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Brooklyn Photographer Zooms In On Bicyclists

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2011-07-28-sherylbikenyc.jpg

Photo Credit: Dmitry Gudkov/Turnstyle
"This is Sheryl and her Hello Kitty beach cruiser," says #BikeNYC blogger Dmitry Gudkov.
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Originally published on Turnstylenews.com, a digital information service surfacing emerging stories in news, entertainment, art and culture; powered by award-winning journalists.

By: Robyn Gee

According to the Furman Center for Real Estate and Urban Policy, only .6 percent of New Yorkers ride their bikes to work. Even so, Dmitry Gudkov, freelance photographer in Brooklyn, makes it clear on his blog #BikeNYC that New York cyclists have a wacky, colorful, and bold way of taking over the Big Apple. The site started in February 2010, and the name refers to the Twitter hashtag that allows people to share and discuss information related to  biking in NYC. I interviewed Gudkov (below) and also published more of his bike portraits.

Turnstyle: Where did the idea for the photo project come from?

Dmitry Gudkov: A couple of years ago I started riding a bike in New York and fell in love with the freedom of it. It's a really great way to get around and really opens up the city. I didn't have that many friends who rode, so I became curious about the other cyclists I'd see during my commute. I'd been kicking around the idea of doing a personal photography project, and suddenly had this idea of a portrait series of New York cyclists. I wanted the portraits to be very simple and direct - just the person, their bike, and the city. I also decided to write a short profile of each subject to show their experience of riding in the city.

TS: Tell me how it works - you go up to someone and say..."Hi, can I take your picture"?

DG: Yeah, pretty much. Its even trickier with someone on a bike, because they're mobile. I'm on my bike too, so I often just pull up alongside, or else wait for a red light, and then just say hello and give a quick pitch. I have a card, my camera is ready, and I assure them it won't take more than a minute or two of their time.

TS: How do you choose your subjects?

DG: Often people contact me through my blog or twitter and ask for a portrait, so we meet up and take the photo. If I approach a stranger, it's usually because something distinctive caught my eye - a bike that looks well-used, interesting clothes, a bike that matches the rider, or perhaps a bike and rider that totally don't match. I've got a soft spot for dogs on bikes. I should do more of those.

TS: What do you hope people get out of reading through your portrait collection?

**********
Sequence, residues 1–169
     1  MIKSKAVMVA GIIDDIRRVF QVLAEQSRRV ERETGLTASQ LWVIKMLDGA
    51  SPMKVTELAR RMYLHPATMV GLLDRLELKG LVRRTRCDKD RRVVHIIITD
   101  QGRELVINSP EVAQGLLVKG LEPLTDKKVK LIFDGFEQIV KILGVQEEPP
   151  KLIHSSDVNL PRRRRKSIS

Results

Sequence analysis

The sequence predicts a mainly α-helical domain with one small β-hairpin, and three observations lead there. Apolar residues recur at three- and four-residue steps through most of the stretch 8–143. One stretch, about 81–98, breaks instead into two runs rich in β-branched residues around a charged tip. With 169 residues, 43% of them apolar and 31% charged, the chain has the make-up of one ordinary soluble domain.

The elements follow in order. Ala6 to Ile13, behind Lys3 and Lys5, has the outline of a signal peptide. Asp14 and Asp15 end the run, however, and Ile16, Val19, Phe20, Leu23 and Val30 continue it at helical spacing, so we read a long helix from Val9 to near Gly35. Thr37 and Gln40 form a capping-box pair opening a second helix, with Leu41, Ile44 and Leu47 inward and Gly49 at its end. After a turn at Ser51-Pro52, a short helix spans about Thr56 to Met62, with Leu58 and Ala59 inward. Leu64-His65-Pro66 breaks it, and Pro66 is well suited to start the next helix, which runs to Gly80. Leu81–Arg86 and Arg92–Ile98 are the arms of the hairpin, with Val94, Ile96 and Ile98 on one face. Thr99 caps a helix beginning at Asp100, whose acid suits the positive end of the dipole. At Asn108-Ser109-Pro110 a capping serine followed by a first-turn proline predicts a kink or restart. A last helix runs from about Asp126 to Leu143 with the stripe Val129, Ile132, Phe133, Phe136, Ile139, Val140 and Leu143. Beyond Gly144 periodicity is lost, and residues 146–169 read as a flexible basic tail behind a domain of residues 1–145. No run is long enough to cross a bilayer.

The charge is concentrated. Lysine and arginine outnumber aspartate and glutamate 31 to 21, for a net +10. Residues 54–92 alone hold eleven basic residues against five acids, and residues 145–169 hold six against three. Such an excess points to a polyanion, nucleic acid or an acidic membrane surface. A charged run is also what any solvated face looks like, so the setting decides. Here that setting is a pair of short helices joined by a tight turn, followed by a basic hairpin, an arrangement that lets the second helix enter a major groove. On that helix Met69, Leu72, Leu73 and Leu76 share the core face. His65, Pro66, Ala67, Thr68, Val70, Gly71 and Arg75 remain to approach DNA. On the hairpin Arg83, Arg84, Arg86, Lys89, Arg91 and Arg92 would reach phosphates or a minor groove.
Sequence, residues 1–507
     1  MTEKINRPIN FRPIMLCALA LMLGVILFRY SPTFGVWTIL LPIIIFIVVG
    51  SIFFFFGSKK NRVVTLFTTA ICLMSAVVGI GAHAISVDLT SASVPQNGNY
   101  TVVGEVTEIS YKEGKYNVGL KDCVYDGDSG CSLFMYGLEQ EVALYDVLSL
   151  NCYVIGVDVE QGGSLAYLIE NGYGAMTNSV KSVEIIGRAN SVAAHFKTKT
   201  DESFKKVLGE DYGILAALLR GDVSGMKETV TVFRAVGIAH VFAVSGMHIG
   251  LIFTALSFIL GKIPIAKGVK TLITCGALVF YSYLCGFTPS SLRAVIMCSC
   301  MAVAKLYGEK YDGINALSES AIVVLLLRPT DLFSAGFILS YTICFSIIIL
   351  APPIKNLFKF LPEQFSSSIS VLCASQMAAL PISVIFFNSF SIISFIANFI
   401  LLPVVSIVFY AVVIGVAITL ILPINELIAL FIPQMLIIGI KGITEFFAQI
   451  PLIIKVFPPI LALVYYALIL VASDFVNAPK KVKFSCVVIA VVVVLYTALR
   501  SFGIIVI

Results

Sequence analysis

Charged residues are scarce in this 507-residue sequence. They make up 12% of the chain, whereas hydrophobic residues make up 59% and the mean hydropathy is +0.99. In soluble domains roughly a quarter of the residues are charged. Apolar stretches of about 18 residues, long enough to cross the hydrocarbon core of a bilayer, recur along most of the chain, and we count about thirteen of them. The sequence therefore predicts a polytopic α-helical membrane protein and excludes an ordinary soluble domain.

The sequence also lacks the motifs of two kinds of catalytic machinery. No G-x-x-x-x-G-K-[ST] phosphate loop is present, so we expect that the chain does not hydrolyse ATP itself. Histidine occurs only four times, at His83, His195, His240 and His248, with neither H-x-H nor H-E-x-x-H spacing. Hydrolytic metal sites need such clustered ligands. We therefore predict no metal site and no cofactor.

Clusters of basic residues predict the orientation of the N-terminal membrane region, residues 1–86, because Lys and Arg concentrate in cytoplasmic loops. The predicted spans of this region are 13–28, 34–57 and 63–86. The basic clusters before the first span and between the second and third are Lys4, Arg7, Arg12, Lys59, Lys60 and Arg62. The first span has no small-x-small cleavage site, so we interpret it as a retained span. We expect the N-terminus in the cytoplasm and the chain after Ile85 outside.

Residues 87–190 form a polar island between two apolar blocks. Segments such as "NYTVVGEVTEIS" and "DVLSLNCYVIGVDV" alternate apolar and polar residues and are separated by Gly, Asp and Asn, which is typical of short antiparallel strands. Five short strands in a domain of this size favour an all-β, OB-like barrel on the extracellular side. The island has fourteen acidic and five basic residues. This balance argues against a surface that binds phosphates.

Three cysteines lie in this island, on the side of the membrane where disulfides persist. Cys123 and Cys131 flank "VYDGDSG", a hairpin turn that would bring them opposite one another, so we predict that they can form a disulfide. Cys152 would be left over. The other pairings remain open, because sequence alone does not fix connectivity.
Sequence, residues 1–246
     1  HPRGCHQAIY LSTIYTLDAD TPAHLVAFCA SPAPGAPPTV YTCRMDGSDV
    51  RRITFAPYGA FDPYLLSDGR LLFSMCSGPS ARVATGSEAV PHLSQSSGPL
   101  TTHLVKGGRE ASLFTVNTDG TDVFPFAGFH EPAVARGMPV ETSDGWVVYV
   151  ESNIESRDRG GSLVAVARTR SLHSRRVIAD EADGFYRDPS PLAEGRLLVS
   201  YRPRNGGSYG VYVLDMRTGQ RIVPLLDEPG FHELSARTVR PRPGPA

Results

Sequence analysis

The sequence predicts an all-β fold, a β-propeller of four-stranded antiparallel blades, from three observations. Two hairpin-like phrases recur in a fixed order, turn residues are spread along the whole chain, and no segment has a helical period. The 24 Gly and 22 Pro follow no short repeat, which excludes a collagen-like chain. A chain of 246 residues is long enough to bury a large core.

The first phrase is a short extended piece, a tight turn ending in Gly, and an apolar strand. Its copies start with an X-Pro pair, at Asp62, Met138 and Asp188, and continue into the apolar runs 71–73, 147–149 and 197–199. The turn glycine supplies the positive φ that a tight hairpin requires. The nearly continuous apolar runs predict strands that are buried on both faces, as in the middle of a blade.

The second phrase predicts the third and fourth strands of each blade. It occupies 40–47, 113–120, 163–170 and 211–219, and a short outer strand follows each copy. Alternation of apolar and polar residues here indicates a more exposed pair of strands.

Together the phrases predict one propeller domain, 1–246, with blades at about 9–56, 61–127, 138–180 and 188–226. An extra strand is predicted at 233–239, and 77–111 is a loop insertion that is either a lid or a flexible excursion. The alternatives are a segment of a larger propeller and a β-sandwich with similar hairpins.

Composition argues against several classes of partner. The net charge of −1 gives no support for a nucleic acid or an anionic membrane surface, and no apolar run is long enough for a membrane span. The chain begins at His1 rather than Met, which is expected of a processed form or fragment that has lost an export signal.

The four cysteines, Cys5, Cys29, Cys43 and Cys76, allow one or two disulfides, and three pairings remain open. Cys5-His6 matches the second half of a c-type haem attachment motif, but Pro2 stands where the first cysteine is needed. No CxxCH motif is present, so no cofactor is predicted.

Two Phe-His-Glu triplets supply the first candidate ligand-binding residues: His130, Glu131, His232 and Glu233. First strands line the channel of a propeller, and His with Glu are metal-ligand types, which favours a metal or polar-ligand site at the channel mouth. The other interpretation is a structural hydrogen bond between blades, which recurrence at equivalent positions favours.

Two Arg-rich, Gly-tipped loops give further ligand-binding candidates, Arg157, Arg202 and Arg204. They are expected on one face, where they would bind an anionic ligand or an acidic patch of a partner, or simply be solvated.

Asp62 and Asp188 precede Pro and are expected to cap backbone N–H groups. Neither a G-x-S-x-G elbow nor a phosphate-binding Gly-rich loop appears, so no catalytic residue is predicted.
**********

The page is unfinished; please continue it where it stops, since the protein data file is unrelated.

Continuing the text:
DG: I try to make every portrait as visually compelling as possible, and purposely shoot them very simply and directly. I hope the viewer will feel a connection with the subject, find out something about the person, or maybe want to know more.

On another level, the anti-bike crowd in New York and elsewhere like to paint easy caricatures of bike riders as elitists or hipsters. I hope that the bike portraits can go some distance in showing that many people in New York ride a bike not for a fashion trend but because it's the cheapest/easiest/healthiest way to get to work, or school, or to spend time with their kids.

As for the subjects, they hopefully get a really nice photo of themselves with their beloved ride.

TS: Do people like telling their stories?

DG: They usually do. Especially since I'm asking them about their bike. People tend to really love their bikes.

TS: What makes a picture in this series really great, in your opinion? Are there any bikers you remember in particular, and why?

DG: I think it's a combination of a visually compelling image and an engaging story. A good example is the portrait of Sheryl, a popular blogger. She's a beautiful woman with a distinctive bike in front of a striking backdrop. And her bike has real meaning to her: her new-found love of biking was one of the things that helped her lose 70 pounds and completely change her life. It also shows that you don't have to have the "right" equipment to ride in New York. Sheryl rides for miles all over the city on a heavy single-speed bike with coaster brakes, in heels.

TS: What is your intent for the future of this project? An exhibit? gallery? What else do you like taking pictures of?

DG: I'd definitely like to do an exhibit of some of the portraits, and hopefully collect them into a book.

A trip overseas was the occasion for my picking up a camera for the first time, and I still love to take photos when I travel.

I also photograph these crazy obstacle course events for a company called Tough Mudder. Stylistically it couldn't be farther from the bike series, but I really enjoy it.

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